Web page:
What Is Biblical Inspiration?

All Scripture is breathed out by God…
2 Timothy 3:16 ESV

Before we address what Paul means by Scripture being breathed out by God, we must first identify what we mean by the word Scripture. At its simplest, the word scripture means a writing, some form of written document. The Apostle Paul is using it as a title for what many of us today call the Bible (which means book). The Word of God is also an appropriate title, and the Old Testament is fond of calling it the Law. So the Bible, Scripture, Word of God, and the Law are all titles for the same collection of ancient literature that we Christians value greatly.

You may also note that Paul refers to the Bible as Scripture (singular), but they are also called the Scriptures (plural) just as often. In fact, Jesus Himself tended to use the singular and plural pretty interchangeably. I think this is because the Bible is both a collection of books and one single book.

With sixty-six books, the Bible is a library, divided into two parts: the Old Testament and the New Testament.

Containing thirty-nine books, the Old Testament is significantly larger than the New, and many considered to be much more difficult to read. However, the Old Testament’s story can be easily read in the following books: Genesis, Exodus, Numbers, Joshua, Judges, 1 & 2 Samuel, 1 & 2 Kings, Ezra, and Nehemiah. Those eleven books form the overall narrative, from creation to the restoration of Jerusalem. Beyond that, the Old Testament can be divided into three categories: the Torah (Hebrew for Law), the Writings, and the Prophets. The Torah consists of the first five books of the Bible, authored by Moses. Psalms, Proverbs, and the other poetic books compose the Writings. The oracles of Isaiah, Jeremiah, Ezekiel, Hosea, Jonah, and others fill the largest section, the Prophets.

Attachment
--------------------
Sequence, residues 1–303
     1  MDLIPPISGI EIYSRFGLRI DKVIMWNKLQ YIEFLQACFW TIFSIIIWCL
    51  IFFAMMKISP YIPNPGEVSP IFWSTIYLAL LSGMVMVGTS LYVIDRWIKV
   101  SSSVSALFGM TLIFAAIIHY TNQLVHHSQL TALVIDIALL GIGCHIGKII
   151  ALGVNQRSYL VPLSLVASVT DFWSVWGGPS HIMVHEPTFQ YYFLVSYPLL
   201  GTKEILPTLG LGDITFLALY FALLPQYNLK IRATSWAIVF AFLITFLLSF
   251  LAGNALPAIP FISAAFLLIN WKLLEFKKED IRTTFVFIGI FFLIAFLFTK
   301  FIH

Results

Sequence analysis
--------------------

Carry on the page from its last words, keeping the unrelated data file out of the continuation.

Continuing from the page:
There is a four-hundred-year gap between the Old and New Testament. The New Testament opens with the four Gospels. These are each accounts of the life, death, and resurrection of Jesus. The presence of four books that tell the same story should point to the importance and centrality of their message.

Jesus is the focus of the entire Bible.

The Old Testament looked forward to Him, the Gospels proclaim Him, and the rest of the New Testament is a reflection upon what He did and will do.

But why do we need four Gospels?

We can think of the Gospels as being different portraits of Jesus. They all tell the same narrative but from a slightly different angle. Matthew paints Jesus as the Jewish Messiah, coming to establish the eternal kingdom of heaven on earth. Mark depicts Jesus as the suffering servant, coming in authority to lay down His life for others. Luke pictures Jesus as the Son of Man, who reaches out to the poor, sick, and outcast with healing, grace, and mercy. John portrays Jesus as the Son of God, the divine Word of God who eternally existed with God, as God, and has now come into humanity on a mission to redeem us.

Acts is the only other narrative work in the New Testament. It describes the growth of the church and how they, through the Holy Spirit, continue the ministry of Jesus as His body. Romans through Philemon are letters written by the apostle Paul to churches or individuals. Hebrews is a letter/sermon of unknown authorship that explains the Old Testament’s completion in Christ. James through Jude are letters named after their respective authors. Finally, Revelation is a book of prophesy concerning the end of everything. It contains many allusions to Genesis because it the completion and closing of all the Scriptures.

What Is Inspiration?